University of Sussex
Conflict, Security and Development
The challenges posed by civil wars, genocides, famines and other humanitarian crises show that security and development are closely linked today. Successful development and conflict resolution require the provision of security. Conversely, lack of development can breed insecurity and violence. This course analyses the complex relationships that lie at the heart of this development-security nexus in the global south, focusing on: The extent to which destructive cycles of insecurity and violence affect the possibility of development for large sections of the world�s population; the difficulties that aid agencies, nongovernmental organisations (NGOs), governments and international organisations encounter when trying to negotiate these spirals of violence and insecurity � be it through armed intervention, the provision of aid, the sponsoring of peace-building processes, or assisting states in post-conflict reconstruction; the question of whether underdevelopment in the global south can be said to constitute a security threat by facilitating the international spread of terrorist and criminal networks. The course includes an optional fieldtrip to Brussels, Belgium. A research placement allows you to gain experience in an area of work relating to your subject of study and to acquire practical skills in preparation for a professional career. Research placements run over a 12-week period in the summer term and vacation. If you take a research placement, you have the opportunity to write a dissertation based on your experience.
A 1st- or upper 2nd-Class undergraduate Honours degree (or equivalent), preferably in a humanities or social sciences subject. Relevant degrees include political science, economics, geography, history, law, philosophy, sociology, and area studies. A degree in the social sciences or humanities does not constitute a strict requirement and applicants with degrees in other disciplines will be given due consideration. Relevant work and voluntary experience will also be considered, particularly in cases where candidates fall short of the academic requirement.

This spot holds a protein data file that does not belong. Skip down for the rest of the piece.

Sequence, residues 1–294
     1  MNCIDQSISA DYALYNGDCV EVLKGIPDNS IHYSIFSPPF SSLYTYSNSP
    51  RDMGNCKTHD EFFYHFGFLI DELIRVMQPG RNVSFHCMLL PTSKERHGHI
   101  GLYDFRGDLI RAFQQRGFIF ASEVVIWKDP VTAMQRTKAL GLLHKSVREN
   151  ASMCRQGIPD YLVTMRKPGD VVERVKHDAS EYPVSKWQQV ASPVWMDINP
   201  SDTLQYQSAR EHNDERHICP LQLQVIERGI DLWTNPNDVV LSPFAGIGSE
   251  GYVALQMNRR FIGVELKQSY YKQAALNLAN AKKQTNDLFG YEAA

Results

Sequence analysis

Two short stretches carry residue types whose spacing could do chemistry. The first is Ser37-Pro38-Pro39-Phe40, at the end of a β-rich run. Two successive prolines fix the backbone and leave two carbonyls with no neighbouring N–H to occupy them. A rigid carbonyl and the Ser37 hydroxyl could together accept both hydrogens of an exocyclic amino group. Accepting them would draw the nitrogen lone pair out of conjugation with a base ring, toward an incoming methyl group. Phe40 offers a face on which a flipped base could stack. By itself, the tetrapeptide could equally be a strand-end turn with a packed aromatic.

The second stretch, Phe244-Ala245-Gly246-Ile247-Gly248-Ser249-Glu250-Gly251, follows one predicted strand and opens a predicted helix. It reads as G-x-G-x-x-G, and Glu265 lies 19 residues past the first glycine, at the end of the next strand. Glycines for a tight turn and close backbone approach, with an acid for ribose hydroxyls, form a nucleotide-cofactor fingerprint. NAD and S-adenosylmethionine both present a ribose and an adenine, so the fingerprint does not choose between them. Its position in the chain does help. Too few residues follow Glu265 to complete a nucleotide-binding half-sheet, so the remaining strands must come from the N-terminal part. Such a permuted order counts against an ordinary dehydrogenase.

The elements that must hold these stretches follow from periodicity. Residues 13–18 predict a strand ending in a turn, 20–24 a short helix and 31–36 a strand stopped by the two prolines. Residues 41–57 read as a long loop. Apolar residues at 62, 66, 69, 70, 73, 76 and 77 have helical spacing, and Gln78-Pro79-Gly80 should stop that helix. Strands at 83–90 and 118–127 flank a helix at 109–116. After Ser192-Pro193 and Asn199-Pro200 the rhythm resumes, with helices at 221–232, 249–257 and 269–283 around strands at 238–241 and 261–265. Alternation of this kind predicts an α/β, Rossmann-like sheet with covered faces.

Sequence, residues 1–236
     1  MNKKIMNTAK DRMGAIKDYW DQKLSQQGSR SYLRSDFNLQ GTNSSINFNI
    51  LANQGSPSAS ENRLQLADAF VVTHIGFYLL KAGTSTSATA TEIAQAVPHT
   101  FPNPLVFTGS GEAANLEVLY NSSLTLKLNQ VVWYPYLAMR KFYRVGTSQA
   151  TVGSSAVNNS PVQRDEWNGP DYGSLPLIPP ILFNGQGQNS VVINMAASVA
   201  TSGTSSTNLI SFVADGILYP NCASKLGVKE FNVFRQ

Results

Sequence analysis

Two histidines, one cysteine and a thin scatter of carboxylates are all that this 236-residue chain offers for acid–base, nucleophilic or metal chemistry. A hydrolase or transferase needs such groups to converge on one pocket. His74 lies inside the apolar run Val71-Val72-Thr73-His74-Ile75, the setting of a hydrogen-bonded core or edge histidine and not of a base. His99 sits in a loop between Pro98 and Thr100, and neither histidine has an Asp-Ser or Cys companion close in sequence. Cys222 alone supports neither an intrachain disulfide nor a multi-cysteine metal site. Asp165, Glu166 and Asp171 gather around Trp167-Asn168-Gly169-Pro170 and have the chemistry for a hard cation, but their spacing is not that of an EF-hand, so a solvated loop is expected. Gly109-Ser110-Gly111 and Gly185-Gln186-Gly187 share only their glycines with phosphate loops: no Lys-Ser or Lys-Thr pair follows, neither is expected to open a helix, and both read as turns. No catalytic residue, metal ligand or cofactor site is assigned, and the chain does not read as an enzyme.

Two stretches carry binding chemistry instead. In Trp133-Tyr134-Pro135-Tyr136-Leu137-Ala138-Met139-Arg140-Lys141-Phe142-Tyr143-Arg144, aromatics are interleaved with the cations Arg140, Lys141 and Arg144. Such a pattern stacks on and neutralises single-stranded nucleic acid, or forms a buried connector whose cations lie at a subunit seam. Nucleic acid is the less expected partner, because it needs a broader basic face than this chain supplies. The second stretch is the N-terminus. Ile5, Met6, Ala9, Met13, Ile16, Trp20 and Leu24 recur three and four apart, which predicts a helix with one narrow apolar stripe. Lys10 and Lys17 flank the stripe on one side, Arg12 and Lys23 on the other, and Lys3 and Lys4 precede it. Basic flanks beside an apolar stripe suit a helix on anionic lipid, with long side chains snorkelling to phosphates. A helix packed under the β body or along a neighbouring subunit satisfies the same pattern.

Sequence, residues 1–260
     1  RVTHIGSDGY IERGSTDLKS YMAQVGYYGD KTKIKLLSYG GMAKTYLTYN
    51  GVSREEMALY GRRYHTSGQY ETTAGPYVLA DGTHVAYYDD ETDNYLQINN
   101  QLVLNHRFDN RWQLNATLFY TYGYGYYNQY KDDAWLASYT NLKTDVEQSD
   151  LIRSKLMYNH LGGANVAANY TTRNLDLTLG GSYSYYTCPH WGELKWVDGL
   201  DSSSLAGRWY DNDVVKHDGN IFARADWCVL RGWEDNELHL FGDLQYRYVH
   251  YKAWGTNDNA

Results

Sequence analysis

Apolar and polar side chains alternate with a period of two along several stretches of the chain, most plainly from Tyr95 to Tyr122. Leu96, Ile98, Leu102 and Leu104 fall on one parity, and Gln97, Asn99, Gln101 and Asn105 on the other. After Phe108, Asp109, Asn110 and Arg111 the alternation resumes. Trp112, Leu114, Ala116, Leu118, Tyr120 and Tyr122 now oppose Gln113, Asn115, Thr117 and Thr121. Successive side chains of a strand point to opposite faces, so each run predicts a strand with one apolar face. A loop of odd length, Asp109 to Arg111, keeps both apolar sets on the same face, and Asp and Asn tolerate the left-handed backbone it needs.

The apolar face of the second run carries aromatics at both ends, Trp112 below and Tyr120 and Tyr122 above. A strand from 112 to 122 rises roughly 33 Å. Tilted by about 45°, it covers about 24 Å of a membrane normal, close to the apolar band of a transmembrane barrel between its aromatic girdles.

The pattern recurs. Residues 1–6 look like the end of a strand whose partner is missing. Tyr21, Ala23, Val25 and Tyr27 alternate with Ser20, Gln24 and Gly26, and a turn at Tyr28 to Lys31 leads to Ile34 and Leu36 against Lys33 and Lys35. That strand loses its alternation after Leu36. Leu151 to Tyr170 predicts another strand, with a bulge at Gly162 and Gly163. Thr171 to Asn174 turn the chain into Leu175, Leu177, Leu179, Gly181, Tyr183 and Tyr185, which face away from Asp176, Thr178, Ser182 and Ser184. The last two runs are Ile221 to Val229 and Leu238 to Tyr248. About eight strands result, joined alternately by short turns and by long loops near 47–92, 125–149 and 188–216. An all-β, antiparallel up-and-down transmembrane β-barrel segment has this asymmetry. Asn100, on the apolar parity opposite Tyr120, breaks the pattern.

Autumn term: Conflict, security and development; new security challenges. Spring term: You choose 2 from: East Asia in the international system; foreign policy analysis; governing global capitalism; human rights in international relations; irregular warfare; peace processes and post-conflict reconstruction; queer international relations; reading foucault in international relations (IR); religions, cultures and civilisations in international relations; rethinking imperialism; Russian foreign and security policy; science, technology and war; terror, security and the state; the global politics of disease and biosecurity; the Middle East in global order; the political economy of development; the political economy of global finance; the political economy of the environment. You also take a research methods and professional skills module, which provides training to prepare you for further research and a professional career. This module is delivered as a series of workshops, including one that prepares you for your dissertation. Summer term: You carry out work on your MA dissertation under the supervision of a member of faculty. There is also a dissertation with a placement option.
Conflict, security and development is assessed by a 5000-word term paper; new security challenges is assessed by an unseen paper; assessment of the spring-term options is by 5000-word term papers. You will also write a 10000-word dissertation.
|Qualification||Study mode||Fee||Course duration|
|MA||Full-time||£ 6,060 per Academic year (home fees)||1 years|
|MA||Full-time||£ 14,450 per Academic year (overseas fees)||1 years|
|Campus name||Town||Postcode||Region||Main campus||Campus||Partner|
|Sussex House||Brighton||BN1 9RH||South East|